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From Greg Stein <gst...@lyra.org>
Subject Re: cvs commit: httpd-2.0/server core.c Makefile.in connection.c
Date Mon, 05 Mar 2001 08:22:03 GMT
On Sun, Mar 04, 2001 at 04:08:40PM -0600, William A. Rowe, Jr. wrote:
> From: "Greg Stein" <gstein@lyra.org>
> Sent: Sunday, March 04, 2001 3:53 PM
> 
> 
> > On Sun, Mar 04, 2001 at 11:24:20AM -0800, rbb@covalent.net wrote:
> > >...
> > > bunch of code so that more people can work on it.  Explain to me how it
> > > makes sense to put the DocumentRoot directive in the HTTP module.  I
> > 
> > Actually, I think DocumentRoot *is* HTTP specific :-)
> 
> No, DocumentRoot is the root of the resources.  It is _not_ HTTP specific.
> It _is_ core_fs specific (going back to the modular filesystem debate :-)

I don't buy it, but am not worried about arguing it right now :-)

> > SMTP, POP, SNMP, and NNTP wouldn't use it. I could see FTP using it, but I
> > probably would have used a different name anyway.
> 
> No.  First, FTP likely needs it's own host block (servername:21).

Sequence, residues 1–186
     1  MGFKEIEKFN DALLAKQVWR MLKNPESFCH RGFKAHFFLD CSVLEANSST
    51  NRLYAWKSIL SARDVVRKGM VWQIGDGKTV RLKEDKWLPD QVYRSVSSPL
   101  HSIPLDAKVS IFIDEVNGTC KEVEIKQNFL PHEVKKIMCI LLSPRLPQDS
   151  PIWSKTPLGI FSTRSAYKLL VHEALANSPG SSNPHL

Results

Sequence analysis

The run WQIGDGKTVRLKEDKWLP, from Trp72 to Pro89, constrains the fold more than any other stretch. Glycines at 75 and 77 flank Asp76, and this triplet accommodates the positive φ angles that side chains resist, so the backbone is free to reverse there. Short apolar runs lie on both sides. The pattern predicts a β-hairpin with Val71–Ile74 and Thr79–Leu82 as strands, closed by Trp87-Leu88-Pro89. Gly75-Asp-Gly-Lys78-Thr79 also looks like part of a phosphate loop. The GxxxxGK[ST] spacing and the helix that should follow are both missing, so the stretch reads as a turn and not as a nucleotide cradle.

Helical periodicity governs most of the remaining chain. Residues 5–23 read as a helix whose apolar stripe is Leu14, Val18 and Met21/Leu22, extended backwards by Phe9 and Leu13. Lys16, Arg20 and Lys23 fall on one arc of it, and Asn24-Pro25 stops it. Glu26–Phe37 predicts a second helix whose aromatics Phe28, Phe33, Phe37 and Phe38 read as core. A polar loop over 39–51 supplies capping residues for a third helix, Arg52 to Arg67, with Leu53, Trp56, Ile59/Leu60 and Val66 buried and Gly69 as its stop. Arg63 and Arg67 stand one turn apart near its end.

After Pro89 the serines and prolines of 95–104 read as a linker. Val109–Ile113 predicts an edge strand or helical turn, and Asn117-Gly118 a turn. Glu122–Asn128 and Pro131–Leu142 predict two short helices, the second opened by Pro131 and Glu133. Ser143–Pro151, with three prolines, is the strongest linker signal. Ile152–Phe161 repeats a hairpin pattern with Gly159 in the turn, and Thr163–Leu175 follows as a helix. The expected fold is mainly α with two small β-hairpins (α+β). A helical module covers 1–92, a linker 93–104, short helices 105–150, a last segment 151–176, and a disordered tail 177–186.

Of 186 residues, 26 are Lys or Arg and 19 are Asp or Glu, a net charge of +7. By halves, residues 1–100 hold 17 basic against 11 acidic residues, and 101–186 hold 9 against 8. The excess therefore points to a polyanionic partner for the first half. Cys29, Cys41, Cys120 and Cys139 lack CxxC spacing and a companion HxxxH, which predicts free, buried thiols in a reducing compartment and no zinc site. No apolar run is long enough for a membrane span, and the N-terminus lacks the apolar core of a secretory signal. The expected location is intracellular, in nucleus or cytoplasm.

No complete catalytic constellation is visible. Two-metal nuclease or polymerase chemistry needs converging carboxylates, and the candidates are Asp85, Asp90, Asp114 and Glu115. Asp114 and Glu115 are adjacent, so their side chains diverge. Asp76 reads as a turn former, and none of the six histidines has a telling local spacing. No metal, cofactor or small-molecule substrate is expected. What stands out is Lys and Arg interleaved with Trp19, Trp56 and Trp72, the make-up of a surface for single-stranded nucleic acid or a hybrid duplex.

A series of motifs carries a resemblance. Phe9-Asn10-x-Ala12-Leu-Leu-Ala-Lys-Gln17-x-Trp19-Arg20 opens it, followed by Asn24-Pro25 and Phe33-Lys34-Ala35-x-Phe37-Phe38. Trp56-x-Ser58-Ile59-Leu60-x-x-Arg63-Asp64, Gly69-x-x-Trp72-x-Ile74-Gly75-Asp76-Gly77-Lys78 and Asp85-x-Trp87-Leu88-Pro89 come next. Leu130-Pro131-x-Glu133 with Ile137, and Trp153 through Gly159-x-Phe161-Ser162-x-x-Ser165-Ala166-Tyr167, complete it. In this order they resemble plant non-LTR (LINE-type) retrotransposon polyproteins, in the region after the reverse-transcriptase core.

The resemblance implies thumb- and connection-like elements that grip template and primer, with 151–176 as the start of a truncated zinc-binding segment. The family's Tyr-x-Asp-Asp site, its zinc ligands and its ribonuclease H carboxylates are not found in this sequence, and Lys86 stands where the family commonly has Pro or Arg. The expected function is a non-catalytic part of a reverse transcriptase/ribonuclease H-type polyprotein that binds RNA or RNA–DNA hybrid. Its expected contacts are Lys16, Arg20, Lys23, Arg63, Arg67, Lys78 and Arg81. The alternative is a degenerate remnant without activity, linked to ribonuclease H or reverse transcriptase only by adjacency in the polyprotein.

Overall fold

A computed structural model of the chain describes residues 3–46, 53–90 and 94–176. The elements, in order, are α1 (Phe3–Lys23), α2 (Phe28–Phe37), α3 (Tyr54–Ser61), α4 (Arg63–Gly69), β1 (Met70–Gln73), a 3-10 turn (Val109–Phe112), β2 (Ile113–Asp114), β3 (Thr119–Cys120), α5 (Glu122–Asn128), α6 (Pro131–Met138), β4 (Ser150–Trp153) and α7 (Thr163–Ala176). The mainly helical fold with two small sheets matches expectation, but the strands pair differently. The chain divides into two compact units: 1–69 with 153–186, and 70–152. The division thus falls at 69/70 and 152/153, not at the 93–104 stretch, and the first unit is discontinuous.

Host block is orthogonal to DocumentRoot.

> Second, you
> don't want to reimplement core_fs for a half-dozen protocols like FTP and Gopher
> when you still get right down to a resource.

"core_fs" as you're envisioning it is probably quite close to how mod_dav_fs
exposes the filesystem to mod_dav. Specifically, dav_hooks_repository.

Personally, if you want to really push for an FS module, then alter the core
to use dav_hooks_repository and mod_dav_fs to fetch resources. Where we have
backwards compat issues, then core would just hack that info from the
repository results. The theory being that the core could then begin to serve
information from other dav_hooks_repository implementors.

> Second, the other's you mention are _not_ resource-oriented.  I'm still figuring
> Apache serves resources.  Those other URI's specify transients.  You can't simply
> nttp://server/somethingspecific and get what you want.

Multiprotocol means "serve a protocol." Has nothing to do with serving
resources. See mod_echo :-)

And note that POP and SMTP don't even use URIs. The whole URI gunk in the
new server files is a non-starter. All the URI stuff should be *utility*
functions, used by the protocol modules if/when they apply. The server
itself should not do *anything* about them. The execution path from MPM to
request processing should never mention URI. When you hit mod_http's request
processing, *then* you read the first line of the request, which has the URI
in it, which then calls some standard function for mapping that into a
dav_resource like thing.

Cheers,
-g

-- 
Greg Stein, http://www.lyra.org/

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